The Yellowstone Expedition of 1819

Stephen Harriman Long

Born January 5, 1784, Hopkintown, New Hampshire.
Joined the United States Army in 1814 as a 2nd Lieutenant
after a career as a distinguished educator.

Died April 27, 1864, Alton, Illinois.

In 1819 Long led his most extensive expedition to the Rocky Mountains. The Yellowstone Expedition was the first well-equipped scientific look at the land between the Missouri River and the South Platte, Arkansas and Canadian Rivers in Colorado and New Mexico. It was on this trip, in 1820†, that he got his mountain, a big one. Long's Peak is 14,255 feet high.

The following text is from an Account of an Expedition from Pittsburgh to the Rocky Mountains, Performed in the Years 1819, 1820 by Order of the Hon. J.C. Calhoun, Secretary of War, under the Command of Maj. S.H. Long, of the U.S. Top. Engineers, by Edwin James, Botanist and Geologist to the Expedition (London, 1823). Compiled From the Notes of Major Long, Mr. T. Say, and Other Gentlemen of the Party.

“We next proceed to a consideration of the country west of the Mississippi, and shall begin with that situated between this river and the Missouri. This section contains no mountains, or indeed hills, of any considerable magnitude. The term rolling appears to be peculiarly applicable in conveying an idea of the surface of this region, although it is not entirely destitute of abrupt hills and precipices. The aspect of the whole is variegated with the broad valleys of rivers and creeks, and intervening tracts of undulating upland, united to the valleys by gentle slopes. Its surface is chequered with stripes of woodland situated upon the margins of the watercourse, and dividing the whole into extensive parterres. If we except those parts of the section that are contiguous to the Mississippi and Missouri, at last nineteen-twentieths of the country are completely destitute of a timber-growth.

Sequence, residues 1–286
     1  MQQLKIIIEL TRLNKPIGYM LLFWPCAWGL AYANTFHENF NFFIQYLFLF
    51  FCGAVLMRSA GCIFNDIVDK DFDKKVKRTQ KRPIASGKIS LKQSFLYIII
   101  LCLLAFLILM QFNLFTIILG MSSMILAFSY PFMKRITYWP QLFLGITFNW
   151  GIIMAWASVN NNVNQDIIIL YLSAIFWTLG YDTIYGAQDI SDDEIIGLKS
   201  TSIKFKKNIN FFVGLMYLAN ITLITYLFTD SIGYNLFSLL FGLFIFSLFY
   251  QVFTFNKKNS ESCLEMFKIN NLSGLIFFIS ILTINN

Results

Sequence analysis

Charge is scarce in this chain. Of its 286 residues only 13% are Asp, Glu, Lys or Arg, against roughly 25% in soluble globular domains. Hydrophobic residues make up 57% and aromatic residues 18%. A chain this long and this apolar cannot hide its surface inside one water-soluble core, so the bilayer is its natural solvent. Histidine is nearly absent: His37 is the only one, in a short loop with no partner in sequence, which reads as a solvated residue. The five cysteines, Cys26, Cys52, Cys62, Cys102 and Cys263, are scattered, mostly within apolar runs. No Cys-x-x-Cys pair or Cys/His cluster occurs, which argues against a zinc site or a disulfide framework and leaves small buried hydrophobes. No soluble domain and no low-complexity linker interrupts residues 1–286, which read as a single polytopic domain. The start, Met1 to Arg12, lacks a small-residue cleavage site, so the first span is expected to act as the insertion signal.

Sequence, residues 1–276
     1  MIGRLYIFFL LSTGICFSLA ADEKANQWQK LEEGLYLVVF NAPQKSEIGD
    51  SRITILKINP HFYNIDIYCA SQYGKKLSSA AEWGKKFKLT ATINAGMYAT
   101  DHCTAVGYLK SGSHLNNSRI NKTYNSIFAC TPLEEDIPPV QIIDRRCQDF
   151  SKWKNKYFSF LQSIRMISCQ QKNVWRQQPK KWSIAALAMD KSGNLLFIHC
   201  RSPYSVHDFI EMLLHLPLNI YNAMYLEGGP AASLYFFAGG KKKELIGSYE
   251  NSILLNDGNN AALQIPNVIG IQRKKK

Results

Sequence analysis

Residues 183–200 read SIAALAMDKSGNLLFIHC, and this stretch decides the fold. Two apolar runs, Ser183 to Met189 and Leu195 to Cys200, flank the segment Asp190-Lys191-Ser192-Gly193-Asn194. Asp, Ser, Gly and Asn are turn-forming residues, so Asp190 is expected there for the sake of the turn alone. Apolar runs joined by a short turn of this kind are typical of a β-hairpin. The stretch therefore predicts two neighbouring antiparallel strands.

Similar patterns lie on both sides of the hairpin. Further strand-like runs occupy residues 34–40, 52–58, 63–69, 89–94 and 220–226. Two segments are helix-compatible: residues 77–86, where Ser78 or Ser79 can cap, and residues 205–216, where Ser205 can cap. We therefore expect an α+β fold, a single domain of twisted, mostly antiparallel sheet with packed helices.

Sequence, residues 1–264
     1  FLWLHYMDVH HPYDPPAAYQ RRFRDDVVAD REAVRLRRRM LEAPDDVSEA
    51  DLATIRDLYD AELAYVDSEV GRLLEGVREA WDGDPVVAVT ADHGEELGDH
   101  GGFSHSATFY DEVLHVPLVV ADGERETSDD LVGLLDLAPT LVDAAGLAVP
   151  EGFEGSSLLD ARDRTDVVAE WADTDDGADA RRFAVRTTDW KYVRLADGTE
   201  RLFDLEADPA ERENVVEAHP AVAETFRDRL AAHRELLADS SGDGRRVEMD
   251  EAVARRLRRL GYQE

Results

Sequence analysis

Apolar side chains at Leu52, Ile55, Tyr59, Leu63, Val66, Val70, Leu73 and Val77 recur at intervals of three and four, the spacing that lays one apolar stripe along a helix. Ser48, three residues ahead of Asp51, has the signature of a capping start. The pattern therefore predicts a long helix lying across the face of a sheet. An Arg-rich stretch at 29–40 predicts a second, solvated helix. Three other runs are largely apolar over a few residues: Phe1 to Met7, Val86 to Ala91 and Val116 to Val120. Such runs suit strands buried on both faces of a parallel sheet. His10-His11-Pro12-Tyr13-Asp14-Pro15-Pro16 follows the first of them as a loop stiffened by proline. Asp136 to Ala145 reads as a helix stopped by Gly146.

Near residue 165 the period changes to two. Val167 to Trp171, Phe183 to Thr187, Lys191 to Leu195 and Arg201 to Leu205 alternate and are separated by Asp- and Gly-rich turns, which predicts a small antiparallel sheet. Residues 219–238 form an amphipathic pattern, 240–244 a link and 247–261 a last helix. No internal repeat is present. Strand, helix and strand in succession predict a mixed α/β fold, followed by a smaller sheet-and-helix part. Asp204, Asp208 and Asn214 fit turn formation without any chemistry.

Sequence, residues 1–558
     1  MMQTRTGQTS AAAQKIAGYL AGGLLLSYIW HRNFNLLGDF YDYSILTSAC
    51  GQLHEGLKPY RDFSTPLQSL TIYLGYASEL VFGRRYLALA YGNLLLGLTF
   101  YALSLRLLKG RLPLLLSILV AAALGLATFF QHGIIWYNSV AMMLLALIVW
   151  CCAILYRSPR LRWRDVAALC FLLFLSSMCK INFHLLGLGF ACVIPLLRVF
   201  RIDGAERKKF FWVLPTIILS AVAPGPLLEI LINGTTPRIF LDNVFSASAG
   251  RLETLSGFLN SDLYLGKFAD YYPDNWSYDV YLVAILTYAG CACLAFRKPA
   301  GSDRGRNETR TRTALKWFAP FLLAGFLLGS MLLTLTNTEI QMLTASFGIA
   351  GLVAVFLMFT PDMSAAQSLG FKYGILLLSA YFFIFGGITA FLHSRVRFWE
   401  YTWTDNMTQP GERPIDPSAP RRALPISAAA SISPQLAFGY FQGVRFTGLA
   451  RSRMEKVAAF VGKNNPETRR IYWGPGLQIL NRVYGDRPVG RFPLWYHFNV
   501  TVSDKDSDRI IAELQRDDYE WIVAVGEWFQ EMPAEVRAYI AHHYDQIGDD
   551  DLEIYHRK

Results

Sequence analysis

“Within the valleys of these two rivers are extensive tracts of alluvial bottom possessed of a rich soil. The bottoms of the Missouri in particular are probably inferior to none within the limits of the United States in point of fertility. . . .

“The bottoms of the Missouri are for the most part clad in a deep and heavy growth of timber and underbrush, to the distance of about three hundred and fifty miles above its mouth. There are, however, prairies of considerable extent occasionally to be met with on this part of the river. Higher up, the prairies within the river valley become more numerous and extensive, till at length no woodlands appear, except tracts of small size, situated at the points formed by the meanders of the river.

The following is also from the Long journal, cited above:

Dr. Baldwin found here a plant, which he considered as forming a new genus, approaching astragalus; also the new species of rose, pointed out by Mr. Bradbury, and by him called Rosa mutabilis. This last is a very beautiful species, rising sometimes to the height of eight or ten feet. The linden tree attains great magnitude in the low grounds of the Missouri; its flowers were now full expanded.

We have seen at Bellefontain, as well as at several other points on this river, a pretty species of sparrow, which is altogether new to us; and several specimens of a serpent (Coluber obsoletus) have occurred, which has considerable affinity with the pine-snake of the southern states, or bull-snake of Bartram."

Lark Sparrow - Condestes grammacus by John James Audubon

The lark sparrow is found at Fort Belle Fontaine